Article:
Rayland mayor notes budget matters to village council

RAYLAND – Village Mayor Tammy Morelli described 2012 as “hectic and trying” for herself and Village Council, but she also pointed out some positive happenings during a recent meeting.

“Revenue was down, expenses were up due to many unforeseen happenings such as the firing of the chief of police, the state audit findings, state-mandated so-called necessities, sewage pump station shutdown, financial records in disarray, missed payment of village insurance and rejection of a 3-mill levy for current expenses by village residents,” Morelli said.

But she noted things were not all bad in 2012. She mentioned the hiring of a fiscal officer “who has worked diligently to straighten out the financial records of the village.” Later in her “state of the village” report, she praised the help of Village Administrator Rich Bibbo, Fiscal Officer Rick Soos and village council, adding with their help, “we will meet every challenge head on, and we will prevail.”

The said the village cut $7,000 in the payroll in 2012.

She also said an ordinance had been approved by council to establish a streetlight fee, and as a result, the general fund should not be in the red in 2013.

Village officials, according to Morelli, signed a new three-year contract with Waste Management for garbage collection at no increase in costs, and that makes seven years with the same rate.

“What a great arrangement for village residents,” she added.

She also said the front of the municipal building had been painted, a new hot water tank was obtained and installed in the municipal building, a new air conditioner also was installed and the village parking lot was sealed, all at no cost to the village. Those projects were paid for by a group of concerned citizens or Jefferson County officials, it was noted.

Morelli said the village “has a wonderful working relationship with our neighbor villages of Yorkville and Tiltonsville along with Warren and Wells townships.”

Bibbo mentioned the cost savings realized in the past year by reducing the payroll, and she updated council about the new streetlight fund and reported the street fund is still OK despite the increase in manhours required to clear the streets of snow. He also said the village is receiving help from the county and the township with snowplowing on Narrows Road.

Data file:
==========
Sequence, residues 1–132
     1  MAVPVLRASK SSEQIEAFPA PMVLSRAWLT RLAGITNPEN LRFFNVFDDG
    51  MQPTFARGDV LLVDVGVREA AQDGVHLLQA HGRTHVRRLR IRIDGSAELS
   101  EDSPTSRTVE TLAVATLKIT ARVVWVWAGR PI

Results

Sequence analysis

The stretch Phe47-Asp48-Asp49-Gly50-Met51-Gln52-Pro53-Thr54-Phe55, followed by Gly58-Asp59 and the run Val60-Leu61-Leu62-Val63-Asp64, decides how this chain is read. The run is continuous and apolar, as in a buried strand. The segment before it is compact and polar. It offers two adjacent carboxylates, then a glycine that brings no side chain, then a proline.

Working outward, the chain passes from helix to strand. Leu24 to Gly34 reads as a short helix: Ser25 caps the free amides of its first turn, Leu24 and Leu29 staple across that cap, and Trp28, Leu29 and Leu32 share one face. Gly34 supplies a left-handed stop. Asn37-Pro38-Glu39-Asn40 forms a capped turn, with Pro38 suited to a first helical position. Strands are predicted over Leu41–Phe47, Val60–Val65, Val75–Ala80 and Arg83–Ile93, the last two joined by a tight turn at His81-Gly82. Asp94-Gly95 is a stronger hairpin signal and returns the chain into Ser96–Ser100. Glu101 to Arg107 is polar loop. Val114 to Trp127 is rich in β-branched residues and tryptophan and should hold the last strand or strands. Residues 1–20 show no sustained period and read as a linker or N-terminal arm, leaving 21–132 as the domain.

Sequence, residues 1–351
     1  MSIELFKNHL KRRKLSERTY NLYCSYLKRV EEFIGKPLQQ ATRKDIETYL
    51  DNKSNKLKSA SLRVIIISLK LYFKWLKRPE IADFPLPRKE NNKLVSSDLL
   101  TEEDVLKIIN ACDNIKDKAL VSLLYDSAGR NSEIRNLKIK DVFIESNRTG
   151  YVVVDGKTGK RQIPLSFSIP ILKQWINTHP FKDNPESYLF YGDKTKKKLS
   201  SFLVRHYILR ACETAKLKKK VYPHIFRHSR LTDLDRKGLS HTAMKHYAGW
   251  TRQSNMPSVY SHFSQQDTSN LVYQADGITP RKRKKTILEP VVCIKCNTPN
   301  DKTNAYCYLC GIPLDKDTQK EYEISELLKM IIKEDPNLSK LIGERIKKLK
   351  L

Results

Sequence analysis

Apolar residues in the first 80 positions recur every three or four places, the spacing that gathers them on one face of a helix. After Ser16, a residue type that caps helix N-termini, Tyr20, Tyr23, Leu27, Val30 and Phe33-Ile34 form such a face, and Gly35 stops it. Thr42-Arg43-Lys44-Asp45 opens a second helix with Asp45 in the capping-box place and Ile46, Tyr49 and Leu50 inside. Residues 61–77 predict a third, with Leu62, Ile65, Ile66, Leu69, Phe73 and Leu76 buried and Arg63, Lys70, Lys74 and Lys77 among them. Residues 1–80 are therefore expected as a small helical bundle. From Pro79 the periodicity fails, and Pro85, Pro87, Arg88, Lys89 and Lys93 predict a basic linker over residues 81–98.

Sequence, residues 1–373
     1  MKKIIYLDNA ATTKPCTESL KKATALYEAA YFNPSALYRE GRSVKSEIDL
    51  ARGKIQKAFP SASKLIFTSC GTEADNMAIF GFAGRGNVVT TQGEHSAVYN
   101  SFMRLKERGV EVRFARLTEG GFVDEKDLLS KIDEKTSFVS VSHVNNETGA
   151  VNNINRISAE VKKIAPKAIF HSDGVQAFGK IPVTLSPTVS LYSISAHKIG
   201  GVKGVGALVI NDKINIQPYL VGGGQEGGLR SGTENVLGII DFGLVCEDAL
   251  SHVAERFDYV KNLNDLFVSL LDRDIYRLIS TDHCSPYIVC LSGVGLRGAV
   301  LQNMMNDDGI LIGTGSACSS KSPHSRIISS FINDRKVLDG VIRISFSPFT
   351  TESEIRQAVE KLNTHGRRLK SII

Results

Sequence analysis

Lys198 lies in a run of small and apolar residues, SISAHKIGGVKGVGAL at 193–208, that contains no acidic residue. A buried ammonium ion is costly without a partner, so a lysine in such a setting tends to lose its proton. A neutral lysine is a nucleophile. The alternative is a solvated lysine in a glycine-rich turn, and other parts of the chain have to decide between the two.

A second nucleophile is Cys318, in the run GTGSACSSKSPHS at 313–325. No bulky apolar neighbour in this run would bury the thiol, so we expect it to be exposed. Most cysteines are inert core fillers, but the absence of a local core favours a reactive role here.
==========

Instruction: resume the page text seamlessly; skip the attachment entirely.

Emphasizing a need to remain vigilant and frugal, Soos described the village’s finances as being “in a little bit of disarray” when he began working for the village two years ago.

He said that during the first few day on the job, he received a letter from Columbia Gas threatening to shut off the village’s gas because of non-payment. That was only one of the problems he described.

Significant progress has been made as officials now know exactly how much money they have, what the fund balances are and there are only three past-due bills, two of which it is hoped will be paid off by summer, and the state auditor bill with plans to have it significantly paid down by the end of the year.

After reporting about financial records being organized and reports being filed on time, he added the village’s general fund is still in the red primarily due to the cumulative loss of nearly $13,000 in state funding over the last two years.

Soos went on to say electric rates have increased 39 percent in the last three years, the minimum wage has been raised every year, and the price of gasoline and other essentials continue to rise.

“We have momentarily ceased the tide, thanks in part to the implementation of the streetlight fee, the significant cost savings in our fire contract negotiated by the mayor and graciously accepted by the fire department, the reduction of payroll hours and approximately $5,700 in savings I have negotiated with our various vendors,” he said.

The fiscal officer pointed out the need “to building upon the progress we have made,” while indicating there are distinct possibilities the village may need to look for additional revenue sources in the next few years, as well as continuing to monitor whether the village can afford to keep its police department or not.

“Ultimately, the taxpayers of Rayland will need to determine what services they wish to fund and/or which services they wish to live without,” Soos reported.